I’m not sure if you can really make an apples to apples comparison. A lot of infrastructure projects are simply much bigger now. Projects like Boston’s Big Dig, NYCs 2nd Avenue Subway or LIRR East Side Access extension are massive projects. And they have to be built underneath a major city without shutting it down. They are also getting set to replace the Tapenzee Bridge. Well they aren’t just going to replace it with the exact same bridge. They will need to put a much bigger bridge with greater traffic capacity in it’s place.
I don’t know what town the OP lives in, but buildng a rail extension may not necessarily be cheaper or more expensive than it was in the past. But the town may simply not believe the benefit outweights the cost.
msmith527 mentioned the Big Dig. One thing that certainly increased the cost was the need to keep the old highway (elevated) open until the new one (buried) was ready. One of the first things they did was to build new supports and transfer the weight of the old highway onto them, then cut the old ones so they could dig where they had been.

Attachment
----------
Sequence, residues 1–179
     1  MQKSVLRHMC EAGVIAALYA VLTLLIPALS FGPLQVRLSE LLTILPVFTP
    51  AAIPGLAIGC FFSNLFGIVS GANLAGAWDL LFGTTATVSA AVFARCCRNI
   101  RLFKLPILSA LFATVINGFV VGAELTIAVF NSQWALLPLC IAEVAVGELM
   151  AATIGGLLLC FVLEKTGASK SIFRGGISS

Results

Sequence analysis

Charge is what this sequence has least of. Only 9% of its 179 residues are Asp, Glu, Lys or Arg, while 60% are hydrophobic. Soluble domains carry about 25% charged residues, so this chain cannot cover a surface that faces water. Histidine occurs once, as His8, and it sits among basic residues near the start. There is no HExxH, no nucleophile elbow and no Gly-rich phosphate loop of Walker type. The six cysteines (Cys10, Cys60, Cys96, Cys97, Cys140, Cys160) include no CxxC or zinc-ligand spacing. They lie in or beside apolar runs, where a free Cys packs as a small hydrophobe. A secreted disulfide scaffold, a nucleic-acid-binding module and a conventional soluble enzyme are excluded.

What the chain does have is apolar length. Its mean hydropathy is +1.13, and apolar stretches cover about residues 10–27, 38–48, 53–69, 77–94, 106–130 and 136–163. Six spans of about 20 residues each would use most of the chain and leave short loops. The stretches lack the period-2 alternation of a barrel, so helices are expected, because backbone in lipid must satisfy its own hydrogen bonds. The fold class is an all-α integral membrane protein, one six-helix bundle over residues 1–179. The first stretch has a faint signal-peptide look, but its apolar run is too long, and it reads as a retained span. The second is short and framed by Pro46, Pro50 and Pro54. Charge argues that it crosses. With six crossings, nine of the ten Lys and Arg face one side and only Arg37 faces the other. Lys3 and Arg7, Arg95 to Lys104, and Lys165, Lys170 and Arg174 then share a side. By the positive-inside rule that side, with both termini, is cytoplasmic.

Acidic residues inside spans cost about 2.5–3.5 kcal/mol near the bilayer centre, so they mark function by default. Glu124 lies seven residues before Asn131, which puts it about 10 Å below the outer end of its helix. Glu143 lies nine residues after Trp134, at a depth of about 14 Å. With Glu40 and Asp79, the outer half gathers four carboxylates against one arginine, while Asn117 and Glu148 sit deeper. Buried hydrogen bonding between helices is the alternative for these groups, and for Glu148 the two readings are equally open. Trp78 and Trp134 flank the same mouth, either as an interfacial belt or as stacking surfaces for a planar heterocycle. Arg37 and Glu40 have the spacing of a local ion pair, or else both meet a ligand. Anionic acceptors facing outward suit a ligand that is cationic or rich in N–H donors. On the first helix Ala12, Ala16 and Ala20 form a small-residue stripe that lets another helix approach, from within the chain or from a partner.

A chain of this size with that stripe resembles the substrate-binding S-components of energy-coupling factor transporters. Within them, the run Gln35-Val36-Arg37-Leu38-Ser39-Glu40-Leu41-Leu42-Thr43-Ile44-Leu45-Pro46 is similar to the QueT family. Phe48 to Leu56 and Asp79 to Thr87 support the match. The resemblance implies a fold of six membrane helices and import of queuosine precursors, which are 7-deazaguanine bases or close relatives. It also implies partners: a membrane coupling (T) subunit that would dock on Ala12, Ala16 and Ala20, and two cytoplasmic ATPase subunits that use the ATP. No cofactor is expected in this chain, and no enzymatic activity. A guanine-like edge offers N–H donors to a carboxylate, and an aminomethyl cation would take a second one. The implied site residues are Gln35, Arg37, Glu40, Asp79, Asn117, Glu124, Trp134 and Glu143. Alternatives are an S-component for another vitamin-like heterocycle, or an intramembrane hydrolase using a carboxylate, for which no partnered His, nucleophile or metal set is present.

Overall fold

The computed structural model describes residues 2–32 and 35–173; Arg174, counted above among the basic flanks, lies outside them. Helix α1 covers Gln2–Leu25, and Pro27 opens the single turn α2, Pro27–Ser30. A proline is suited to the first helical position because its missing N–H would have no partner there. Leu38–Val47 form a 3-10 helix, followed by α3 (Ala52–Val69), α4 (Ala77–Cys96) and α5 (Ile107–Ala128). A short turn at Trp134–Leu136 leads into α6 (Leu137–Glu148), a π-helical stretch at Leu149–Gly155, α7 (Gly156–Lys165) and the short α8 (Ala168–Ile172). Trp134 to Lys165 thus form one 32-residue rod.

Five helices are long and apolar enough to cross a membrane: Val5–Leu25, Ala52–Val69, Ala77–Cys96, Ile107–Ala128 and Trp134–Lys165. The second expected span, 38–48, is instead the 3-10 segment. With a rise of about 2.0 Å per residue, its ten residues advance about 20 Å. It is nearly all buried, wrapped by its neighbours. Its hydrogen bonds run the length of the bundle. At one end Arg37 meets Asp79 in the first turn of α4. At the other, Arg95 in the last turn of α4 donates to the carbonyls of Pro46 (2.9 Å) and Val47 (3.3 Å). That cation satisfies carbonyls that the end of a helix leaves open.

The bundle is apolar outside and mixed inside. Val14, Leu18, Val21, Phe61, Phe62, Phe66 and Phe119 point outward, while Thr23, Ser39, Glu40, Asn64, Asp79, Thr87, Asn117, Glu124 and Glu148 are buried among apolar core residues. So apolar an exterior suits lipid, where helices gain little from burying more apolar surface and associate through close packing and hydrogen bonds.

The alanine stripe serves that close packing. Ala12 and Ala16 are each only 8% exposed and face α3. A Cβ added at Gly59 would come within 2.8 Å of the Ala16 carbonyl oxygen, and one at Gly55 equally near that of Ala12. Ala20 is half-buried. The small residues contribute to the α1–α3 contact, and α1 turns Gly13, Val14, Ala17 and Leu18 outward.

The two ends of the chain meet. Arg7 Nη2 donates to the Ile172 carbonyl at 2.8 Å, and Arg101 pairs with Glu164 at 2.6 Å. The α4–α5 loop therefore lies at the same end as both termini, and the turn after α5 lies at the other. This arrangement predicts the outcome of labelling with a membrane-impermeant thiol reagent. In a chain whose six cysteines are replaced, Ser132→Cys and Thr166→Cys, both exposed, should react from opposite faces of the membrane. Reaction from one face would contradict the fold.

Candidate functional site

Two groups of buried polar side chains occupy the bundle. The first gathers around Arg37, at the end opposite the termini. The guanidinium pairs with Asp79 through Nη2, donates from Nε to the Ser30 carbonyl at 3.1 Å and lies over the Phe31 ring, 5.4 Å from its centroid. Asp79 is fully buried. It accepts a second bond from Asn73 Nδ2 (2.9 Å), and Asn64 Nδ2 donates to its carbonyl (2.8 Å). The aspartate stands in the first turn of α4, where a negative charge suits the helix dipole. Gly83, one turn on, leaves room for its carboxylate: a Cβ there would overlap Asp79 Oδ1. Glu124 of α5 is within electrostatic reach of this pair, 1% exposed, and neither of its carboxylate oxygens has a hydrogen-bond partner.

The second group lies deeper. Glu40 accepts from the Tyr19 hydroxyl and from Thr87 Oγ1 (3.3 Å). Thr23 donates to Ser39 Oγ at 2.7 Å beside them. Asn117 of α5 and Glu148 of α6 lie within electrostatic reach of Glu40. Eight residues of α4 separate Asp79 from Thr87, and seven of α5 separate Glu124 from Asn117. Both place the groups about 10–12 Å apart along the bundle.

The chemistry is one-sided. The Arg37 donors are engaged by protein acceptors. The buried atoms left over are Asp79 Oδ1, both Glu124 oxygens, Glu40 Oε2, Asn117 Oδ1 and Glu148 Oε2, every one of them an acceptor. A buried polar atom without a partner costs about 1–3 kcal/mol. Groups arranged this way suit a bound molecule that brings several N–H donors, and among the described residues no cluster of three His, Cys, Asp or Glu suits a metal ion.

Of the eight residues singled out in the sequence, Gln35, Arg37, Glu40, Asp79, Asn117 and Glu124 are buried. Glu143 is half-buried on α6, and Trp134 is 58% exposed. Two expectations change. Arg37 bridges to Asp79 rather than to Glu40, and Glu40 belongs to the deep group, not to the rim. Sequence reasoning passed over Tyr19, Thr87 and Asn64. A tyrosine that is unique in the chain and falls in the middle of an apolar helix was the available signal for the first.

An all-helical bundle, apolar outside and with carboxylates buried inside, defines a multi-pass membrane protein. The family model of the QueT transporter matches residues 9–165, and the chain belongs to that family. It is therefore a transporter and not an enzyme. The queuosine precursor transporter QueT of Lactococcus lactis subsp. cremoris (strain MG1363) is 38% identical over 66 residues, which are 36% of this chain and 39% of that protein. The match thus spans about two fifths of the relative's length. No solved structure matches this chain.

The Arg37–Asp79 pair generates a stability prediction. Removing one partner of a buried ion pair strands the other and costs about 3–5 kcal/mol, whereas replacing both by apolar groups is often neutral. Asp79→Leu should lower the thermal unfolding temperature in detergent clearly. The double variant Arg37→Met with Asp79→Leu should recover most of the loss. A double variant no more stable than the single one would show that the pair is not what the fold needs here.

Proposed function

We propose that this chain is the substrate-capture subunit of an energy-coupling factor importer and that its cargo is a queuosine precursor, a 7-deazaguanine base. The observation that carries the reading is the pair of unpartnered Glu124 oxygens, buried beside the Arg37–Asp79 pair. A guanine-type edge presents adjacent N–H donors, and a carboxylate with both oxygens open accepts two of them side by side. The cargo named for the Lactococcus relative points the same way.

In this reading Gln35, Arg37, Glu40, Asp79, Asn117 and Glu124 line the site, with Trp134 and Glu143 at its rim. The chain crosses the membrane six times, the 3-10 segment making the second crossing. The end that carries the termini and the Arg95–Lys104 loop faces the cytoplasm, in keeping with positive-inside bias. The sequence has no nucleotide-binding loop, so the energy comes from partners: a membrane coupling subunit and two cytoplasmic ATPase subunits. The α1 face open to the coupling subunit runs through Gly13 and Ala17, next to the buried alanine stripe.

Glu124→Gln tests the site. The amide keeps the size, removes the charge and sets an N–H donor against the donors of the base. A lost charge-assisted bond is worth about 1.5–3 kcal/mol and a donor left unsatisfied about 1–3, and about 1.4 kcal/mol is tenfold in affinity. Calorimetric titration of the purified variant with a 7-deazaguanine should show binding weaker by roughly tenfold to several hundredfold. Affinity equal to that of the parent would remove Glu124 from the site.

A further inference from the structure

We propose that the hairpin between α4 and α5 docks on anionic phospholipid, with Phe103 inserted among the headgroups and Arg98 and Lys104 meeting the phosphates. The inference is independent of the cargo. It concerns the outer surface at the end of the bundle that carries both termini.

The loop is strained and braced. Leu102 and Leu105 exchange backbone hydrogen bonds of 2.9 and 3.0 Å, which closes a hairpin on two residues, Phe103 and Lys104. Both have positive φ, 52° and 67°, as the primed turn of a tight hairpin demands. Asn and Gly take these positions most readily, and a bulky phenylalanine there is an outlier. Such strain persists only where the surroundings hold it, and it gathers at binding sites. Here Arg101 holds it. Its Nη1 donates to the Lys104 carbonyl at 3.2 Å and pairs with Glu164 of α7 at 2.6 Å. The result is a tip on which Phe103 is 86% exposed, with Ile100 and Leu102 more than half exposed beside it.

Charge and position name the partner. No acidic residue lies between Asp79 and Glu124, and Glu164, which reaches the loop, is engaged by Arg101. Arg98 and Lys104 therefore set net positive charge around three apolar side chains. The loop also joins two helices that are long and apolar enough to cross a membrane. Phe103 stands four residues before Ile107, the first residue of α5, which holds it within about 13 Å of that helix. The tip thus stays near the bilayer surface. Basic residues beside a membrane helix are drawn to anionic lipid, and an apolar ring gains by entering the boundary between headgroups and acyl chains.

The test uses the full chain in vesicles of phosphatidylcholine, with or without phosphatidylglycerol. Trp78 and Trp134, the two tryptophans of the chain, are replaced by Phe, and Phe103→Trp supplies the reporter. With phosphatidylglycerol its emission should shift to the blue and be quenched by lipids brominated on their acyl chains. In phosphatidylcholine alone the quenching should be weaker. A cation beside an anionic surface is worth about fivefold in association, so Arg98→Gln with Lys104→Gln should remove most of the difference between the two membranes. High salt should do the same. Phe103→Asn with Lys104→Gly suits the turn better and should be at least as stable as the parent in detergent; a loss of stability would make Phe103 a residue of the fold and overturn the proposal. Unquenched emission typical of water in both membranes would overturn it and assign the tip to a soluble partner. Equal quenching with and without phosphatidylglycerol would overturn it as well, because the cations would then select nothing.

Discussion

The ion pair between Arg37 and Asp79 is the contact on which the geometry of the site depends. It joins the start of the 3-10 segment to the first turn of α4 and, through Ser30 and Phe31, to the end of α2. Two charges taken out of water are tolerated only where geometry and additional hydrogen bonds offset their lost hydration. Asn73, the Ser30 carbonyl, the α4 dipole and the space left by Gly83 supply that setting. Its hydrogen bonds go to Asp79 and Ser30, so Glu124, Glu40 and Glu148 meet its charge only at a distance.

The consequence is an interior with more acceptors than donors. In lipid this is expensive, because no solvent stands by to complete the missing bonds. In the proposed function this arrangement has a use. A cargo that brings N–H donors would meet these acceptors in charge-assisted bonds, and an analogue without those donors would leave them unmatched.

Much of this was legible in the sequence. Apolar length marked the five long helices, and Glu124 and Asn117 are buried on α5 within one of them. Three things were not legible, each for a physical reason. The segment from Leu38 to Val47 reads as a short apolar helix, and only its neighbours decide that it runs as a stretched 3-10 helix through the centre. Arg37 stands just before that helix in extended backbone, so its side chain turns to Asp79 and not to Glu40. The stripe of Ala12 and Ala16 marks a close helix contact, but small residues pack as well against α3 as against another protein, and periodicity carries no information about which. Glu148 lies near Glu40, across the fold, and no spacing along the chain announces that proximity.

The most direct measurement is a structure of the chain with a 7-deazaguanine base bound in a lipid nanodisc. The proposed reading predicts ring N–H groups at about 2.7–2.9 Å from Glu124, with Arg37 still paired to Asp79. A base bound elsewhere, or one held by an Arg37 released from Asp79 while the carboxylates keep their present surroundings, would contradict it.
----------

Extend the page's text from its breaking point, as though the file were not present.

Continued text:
Replacing that span on the Bay Bridge meant taking the old span out, and doing it with as little impact as possible. I don’t know how much that contributed to the cost, but it was something.
And the builder’s just found a bunch of faulty “bolts” that is going to cost 1 million or more to fix… Why isn’t the “bolt” company fixing them for free? Unless they were build to print, then they are not faulty?
I saw something on Discovery or NatGeo, not long ago, about an addition to the NYC subway system, currently in progress. The sandhogs, so they said, are getting $1K per day, which does seem to stagger the imagination a bit.
According to this article it’s more like $100,000 a year. And that’s probably at the top of the salary range. Which isn’t that surprising. They aren’t a bunch of Coolies digging tunnels for the Transcontinental Railroad. It’s a highly technical and specialized union job in one of the most expensive cities in the country.